Five great reads: a mysterious death at sea, dystopias set in 2022 and the joy of ugly fruit

Good morning to everyone except those just returning from annual leave, to whom I offer my condolences instead. This is Five Great Reads, a weekday summer story wrap that does what it says on the tin, selected by me, Guardian Australia’s canned food, candles and courtship editor, Alyx Gorman.

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Usually, at this point I’d be giving you a brief summary of today’s biggest headlines before moving on to the reads. But fortunately – for me at least – my colleagues at the Morning Mail have returned to work, so I’ll gladly leave that task in their expert hands. Spoiler: a lot of not-great stuff happening.

But also, some great reads. Let’s talk about them!

  1. Camera pans across a smouldering ruin. The year is 2022
    For decades, directors have selected 2022 as a particularly ill-fated year. What can we learn from old movies, set in the present?

Which directors? What movies? Richard “Soylent Green is people” Fleischer, for one. Also the original Purge film, which actually came true a year and two days earlier than expected.

Best descriptive phrase: “Admirably dumb eco-spectacle.”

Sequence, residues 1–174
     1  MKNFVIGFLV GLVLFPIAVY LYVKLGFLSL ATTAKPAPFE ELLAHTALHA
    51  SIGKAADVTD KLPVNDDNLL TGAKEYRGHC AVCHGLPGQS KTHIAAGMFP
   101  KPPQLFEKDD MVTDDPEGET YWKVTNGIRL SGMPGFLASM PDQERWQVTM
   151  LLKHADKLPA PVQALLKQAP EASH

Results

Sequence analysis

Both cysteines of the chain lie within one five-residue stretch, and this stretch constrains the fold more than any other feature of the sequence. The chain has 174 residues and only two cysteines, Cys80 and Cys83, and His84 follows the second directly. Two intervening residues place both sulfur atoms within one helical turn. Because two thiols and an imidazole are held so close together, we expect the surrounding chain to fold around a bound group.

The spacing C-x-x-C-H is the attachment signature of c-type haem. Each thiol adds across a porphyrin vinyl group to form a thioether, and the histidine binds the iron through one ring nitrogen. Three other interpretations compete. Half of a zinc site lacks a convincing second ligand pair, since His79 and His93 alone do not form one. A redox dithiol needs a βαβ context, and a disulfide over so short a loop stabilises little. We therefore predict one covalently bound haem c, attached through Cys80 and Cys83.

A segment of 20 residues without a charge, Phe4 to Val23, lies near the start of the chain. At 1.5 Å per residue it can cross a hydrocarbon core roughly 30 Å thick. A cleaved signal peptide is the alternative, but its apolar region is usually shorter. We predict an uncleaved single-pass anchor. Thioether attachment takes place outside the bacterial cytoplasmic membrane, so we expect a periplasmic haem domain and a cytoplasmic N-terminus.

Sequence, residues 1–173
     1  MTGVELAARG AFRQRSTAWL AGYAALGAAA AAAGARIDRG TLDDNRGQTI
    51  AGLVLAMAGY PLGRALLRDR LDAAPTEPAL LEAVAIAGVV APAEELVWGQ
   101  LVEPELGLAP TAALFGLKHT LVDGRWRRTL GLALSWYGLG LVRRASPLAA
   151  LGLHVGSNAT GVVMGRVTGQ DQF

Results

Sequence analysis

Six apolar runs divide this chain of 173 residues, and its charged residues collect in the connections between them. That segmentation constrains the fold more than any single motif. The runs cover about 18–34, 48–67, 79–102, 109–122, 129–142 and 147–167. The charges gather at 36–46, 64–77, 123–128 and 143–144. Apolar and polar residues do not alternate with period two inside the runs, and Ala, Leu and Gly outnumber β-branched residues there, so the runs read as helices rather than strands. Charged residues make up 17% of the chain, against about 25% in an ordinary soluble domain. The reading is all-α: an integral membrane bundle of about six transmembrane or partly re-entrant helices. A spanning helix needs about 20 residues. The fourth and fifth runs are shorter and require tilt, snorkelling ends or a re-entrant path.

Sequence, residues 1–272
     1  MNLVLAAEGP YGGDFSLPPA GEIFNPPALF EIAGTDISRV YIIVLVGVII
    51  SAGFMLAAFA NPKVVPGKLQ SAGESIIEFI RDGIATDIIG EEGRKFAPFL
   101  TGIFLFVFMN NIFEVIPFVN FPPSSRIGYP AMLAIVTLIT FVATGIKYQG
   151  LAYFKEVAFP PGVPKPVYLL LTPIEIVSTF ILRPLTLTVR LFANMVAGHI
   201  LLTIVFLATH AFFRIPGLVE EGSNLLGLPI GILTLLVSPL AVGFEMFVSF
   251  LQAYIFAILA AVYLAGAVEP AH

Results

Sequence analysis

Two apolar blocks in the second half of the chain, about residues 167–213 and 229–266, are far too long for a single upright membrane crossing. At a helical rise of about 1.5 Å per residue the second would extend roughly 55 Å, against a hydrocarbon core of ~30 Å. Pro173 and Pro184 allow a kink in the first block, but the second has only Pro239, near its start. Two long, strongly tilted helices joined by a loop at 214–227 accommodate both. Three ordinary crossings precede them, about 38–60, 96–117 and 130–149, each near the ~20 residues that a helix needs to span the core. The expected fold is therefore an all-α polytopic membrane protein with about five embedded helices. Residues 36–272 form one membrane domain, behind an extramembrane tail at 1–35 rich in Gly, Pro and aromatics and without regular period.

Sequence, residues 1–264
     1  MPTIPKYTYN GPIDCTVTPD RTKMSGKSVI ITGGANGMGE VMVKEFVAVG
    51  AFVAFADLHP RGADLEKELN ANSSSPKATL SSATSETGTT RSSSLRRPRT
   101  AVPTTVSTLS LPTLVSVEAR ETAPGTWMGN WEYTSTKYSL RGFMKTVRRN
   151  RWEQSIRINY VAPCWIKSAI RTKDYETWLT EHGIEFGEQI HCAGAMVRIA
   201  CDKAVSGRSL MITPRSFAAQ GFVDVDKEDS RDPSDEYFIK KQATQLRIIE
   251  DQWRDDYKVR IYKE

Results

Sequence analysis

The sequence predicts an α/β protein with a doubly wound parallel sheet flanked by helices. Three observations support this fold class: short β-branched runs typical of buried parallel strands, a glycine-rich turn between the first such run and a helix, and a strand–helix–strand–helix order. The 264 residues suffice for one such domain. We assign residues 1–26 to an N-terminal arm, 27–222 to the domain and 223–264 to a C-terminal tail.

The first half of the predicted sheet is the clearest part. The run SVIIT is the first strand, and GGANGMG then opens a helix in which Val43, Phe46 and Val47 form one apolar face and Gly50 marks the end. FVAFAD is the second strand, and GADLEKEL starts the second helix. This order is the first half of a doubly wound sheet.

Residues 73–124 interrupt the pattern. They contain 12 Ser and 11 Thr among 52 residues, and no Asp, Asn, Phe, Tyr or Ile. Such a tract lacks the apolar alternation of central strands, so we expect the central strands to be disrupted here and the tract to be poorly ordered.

Bonus read: What with it feeling so close to home, contemporary apocalypse films are delivering a cinematic experience that’s less spectacular and more intimate.

  1. A mysterious death at sea
    Arnold Latu was found dead in his berth. His is one of more than a dozen cases of fisheries observers dying on the job since 2009.

Notable quote: “Latu’s death is still a mystery for us,” said his longtime friend Benny Jagroop. “So if you ask what [is] the speculation around Arnold’s death, for real I have no idea.”

How long will it take me to read? About three minutes.

  1. Exercising through back pain
    It helps! But it’s hard. Here’s a guide to getting started, from core-strengthening classes to moves you can do at home.

Notable quote: “Any single treatment in low back pain is never enough by itself,” says Assoc Prof Michael Vagg, a pain medicine physician. “But exercise is a fundamental part of recovering from low back pain and managing it if it becomes persistent.”

My back doesn’t hurt. Lucky you! But, if you are one of the millions of Australians living with another form of ongoing pain or illness, keep your eyes peeled. This story is part of a series How to move, and there’s more advice on exercise and chronic conditions coming. The first, which ran yesterday, tackled rheumatoid arthritis.

  1. ‘The Hoodoo Gurus’ crew are stuck in the elevator’
    The Go-Betweens’ Lindy Morrison on the gig she’ll never forget: Roskilde, 1987.

Setting the scene: “I had bought the cookie from an ingratiating post-punk hippie. My musician mate disappears. I lean against a tent post.”

I’m intrigued. How long is the read? Only two minutes or so.

  1. An easy win: eating ugly fruit
    Why an imperfect produce box will get you eating fresher for less.

But it’s a weird shape! A weird shape that fights food waste.